If Tietolman sounds a bit like a used car salesman to you, then I’m glad I’m not the only one with that impression. He likes to flatter, make big promises and use a lot of hyperbole. He’s a nice, professional guy, but his ability to sell you on such little substance might be a cautionary tale.
Even though last November, when the 600 and 940 license authorizations were expiring, the group said it was a few months from launching and had purchased all the equipment at the Kahnawake transmission site, Cogeco Media president Richard Lachance tells me they are still at the discussion stage about that sale.
For the record, here’s the list of equipment at the Kahnawake site, which has been dormant since Info 690 and AM 940 went off the air in 2010:
Maybe there’s a strategy here
Tietolman didn’t seem too concerned by the group’s failure to apply for an extension for the 850 AM station.
It could be, though no one has confirmed this, that the decision was strategic. A French all-sports station made sense after 2011, when Cogeco flipped CKAC 730 from sports to traffic, moving Canadiens and Alouettes games to CHMP-FM 98.5. And Tietolman had said at the time that getting rights to live games wasn’t a necessity.
But last fall, CKLX-FM 91.9 switched formats to go sports-talk during the day. That makes the business case for a French AM sports-talk station much more perilous. Two sports-talk stations in the same language, neither of which has actual live sports, seems non-viable, especially when you consider 91.9’s ratings.
The 850 station wouldn’t be locked into sports-talk, and could adopt some other talk format, or even a music one. But music doesn’t work very well on AM, and if you’ve already got one talk radio station, why split your audience needlessly?
This is still speculation on my part. But the only other reason I can think for failure to apply for the extension is a catastrophic breakdown of operations at TTP Media. And considering the domain name expiry, Tietolman’s projects outside the partnership, Pancholy’s new job, the group’s failure to communicate and the fact that so little has happened in five years, I can’t discount that.
No one’s waiting to pounce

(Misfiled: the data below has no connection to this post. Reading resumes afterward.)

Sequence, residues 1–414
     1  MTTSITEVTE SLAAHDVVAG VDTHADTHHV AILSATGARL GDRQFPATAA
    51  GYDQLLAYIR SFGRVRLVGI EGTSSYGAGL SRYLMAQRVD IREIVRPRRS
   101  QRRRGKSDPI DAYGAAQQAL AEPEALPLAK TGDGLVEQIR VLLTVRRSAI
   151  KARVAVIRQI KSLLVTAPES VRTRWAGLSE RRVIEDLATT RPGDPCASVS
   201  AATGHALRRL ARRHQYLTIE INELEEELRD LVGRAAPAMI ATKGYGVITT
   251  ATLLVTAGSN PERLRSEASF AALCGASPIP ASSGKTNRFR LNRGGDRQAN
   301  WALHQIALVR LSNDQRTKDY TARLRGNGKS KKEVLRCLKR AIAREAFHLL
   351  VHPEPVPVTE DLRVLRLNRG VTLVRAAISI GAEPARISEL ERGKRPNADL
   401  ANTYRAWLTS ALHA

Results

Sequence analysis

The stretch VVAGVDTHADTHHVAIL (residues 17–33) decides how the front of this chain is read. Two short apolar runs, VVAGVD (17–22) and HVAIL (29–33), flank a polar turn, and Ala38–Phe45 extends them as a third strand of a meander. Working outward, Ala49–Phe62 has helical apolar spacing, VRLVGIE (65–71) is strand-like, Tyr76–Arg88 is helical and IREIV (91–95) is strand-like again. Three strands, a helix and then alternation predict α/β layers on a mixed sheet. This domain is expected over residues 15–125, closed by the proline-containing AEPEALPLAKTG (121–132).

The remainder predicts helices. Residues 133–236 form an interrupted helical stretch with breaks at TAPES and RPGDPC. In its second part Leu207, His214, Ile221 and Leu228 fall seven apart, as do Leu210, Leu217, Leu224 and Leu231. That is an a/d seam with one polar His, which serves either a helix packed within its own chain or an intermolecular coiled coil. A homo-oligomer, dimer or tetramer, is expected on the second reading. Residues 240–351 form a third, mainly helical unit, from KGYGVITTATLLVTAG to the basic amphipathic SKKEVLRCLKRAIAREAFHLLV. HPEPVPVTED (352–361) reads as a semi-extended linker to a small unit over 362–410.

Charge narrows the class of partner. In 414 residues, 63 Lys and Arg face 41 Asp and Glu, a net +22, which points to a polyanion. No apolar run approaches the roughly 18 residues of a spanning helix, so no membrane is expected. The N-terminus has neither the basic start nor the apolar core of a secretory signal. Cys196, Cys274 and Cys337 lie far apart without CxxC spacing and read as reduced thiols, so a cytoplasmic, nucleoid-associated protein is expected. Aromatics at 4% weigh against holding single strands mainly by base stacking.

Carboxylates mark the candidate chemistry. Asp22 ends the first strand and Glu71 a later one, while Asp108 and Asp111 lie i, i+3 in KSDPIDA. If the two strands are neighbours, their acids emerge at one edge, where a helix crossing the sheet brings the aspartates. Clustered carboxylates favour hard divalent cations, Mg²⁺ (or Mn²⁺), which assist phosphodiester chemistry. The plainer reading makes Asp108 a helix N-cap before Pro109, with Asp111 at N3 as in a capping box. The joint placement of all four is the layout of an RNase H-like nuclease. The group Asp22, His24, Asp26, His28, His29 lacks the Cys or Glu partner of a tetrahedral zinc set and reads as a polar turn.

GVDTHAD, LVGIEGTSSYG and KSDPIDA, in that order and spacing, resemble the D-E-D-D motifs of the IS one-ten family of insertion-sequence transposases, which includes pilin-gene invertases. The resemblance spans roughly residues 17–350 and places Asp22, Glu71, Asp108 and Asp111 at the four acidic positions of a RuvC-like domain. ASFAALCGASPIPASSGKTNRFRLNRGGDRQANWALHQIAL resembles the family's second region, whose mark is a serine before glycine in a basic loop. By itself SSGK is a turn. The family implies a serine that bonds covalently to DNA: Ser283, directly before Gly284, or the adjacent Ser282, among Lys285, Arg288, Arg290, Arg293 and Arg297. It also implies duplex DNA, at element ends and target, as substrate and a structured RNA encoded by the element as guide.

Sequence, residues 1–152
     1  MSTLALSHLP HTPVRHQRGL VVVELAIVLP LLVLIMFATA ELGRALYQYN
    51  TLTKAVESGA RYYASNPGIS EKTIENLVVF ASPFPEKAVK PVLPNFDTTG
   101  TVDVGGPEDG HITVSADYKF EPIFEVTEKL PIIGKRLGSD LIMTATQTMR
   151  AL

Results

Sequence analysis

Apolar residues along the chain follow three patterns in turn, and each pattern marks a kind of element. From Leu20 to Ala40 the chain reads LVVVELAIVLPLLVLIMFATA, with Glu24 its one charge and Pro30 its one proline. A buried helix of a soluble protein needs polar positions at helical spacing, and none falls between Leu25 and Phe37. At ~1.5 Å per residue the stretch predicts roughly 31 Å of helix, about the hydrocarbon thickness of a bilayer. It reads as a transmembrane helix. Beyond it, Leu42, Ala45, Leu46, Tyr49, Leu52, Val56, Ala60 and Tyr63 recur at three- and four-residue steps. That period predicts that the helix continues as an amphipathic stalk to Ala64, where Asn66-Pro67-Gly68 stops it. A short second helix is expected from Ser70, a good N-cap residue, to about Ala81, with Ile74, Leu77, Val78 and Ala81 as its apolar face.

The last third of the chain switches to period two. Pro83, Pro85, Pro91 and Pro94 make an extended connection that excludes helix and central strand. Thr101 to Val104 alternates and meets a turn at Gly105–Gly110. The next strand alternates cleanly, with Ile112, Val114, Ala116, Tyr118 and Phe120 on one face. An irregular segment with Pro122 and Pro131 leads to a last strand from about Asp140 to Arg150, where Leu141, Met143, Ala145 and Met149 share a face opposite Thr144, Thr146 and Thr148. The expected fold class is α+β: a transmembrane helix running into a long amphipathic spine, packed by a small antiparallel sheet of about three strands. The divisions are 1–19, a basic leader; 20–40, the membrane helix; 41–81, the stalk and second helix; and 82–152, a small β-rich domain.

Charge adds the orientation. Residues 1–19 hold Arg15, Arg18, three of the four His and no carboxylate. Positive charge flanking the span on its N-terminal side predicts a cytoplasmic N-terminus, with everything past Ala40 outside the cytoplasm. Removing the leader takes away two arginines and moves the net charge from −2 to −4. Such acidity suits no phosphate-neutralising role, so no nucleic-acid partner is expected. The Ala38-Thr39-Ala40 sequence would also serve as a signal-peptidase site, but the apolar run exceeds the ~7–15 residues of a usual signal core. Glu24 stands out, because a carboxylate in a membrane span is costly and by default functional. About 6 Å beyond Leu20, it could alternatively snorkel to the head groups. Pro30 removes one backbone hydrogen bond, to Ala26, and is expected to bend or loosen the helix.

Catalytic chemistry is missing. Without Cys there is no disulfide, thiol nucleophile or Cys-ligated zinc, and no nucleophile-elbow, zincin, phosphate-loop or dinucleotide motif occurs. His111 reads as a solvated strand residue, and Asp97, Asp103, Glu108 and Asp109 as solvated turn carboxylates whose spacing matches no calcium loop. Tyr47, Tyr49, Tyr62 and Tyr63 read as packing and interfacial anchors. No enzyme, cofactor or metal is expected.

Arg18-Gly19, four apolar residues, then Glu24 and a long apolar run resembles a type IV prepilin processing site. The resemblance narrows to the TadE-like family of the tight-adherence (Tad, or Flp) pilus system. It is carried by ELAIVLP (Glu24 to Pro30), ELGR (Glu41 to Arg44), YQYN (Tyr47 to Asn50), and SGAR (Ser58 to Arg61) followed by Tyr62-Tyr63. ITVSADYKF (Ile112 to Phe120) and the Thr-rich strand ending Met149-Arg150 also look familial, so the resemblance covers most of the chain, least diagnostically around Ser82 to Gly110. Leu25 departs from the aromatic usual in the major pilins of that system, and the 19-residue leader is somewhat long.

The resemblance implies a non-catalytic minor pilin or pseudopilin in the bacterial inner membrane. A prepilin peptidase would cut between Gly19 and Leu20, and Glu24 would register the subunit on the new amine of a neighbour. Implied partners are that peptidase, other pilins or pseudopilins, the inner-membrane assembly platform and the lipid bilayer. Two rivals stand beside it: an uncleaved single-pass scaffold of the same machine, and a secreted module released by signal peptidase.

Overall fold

You might wonder why the CRTC doesn’t put its foot down and yank the licence authorizations. It may do that in November. But there’s so little demand for full-power AM radio stations in Montreal that there’s no pressure to vacate the frequencies. The clear-channel 940 might be useful for a station like CJAD 800 or CFMB 1280 or CHRF 980 or one of the smaller commercial or ethnic stations, but otherwise if TTP Media loses the frequencies they’ll probably still be vacant if they ever come around and re-apply. Both 600 and 850 kHz have been vacant since 2000, and other frequencies like 650 could also be used for high-power AM stations.
When it first went in front of the CRTC in 2011, TTP Media had an impressive lineup of people, including former radio managers and survey experts. Some were just hired for the purposes of the hearing, but others were ready to take over management of the new stations. Unfortunately none of them are on TTP Media’s payroll:
- Steve Kowch, former program director for CJAD, was tapped to run the English station. He’s still waiting, and in the meantime is a radio consultant in Toronto.
- Jim Connell, former 940 AM morning man and program director, gave up on the project and went to work for Global Montreal’s morning show for two years. He’s now a freelance voice-over artist.
- Yves Guérard, the radio executive who headed CJMS, CKMF-FM and CKLX-FM when it was under the Couleur Jazz banner, was to run the French AM station. Guérard died of cancer last week.
People keep asking me if these stations will ever get on the air. The truth is I don’t know. At this point they have three months before they lose the 600 authorization, and they’ll lose the 940 one two weeks after that, unless the CRTC grants yet another extension and loses all credibility when it says these extensions are “final”. It’s possible to launch a station in that time, but every day closer to that deadline makes it less likely that they’ll pull it off.
If the project does die in November, that will be bad news for all the laid-off radio personalities and graduating students who were hoping for jobs, for the listeners who were hoping for new competition to force an increase in quality, and for me, who wouldn’t mind having another group to report on that isn’t named Bell or Cogeco.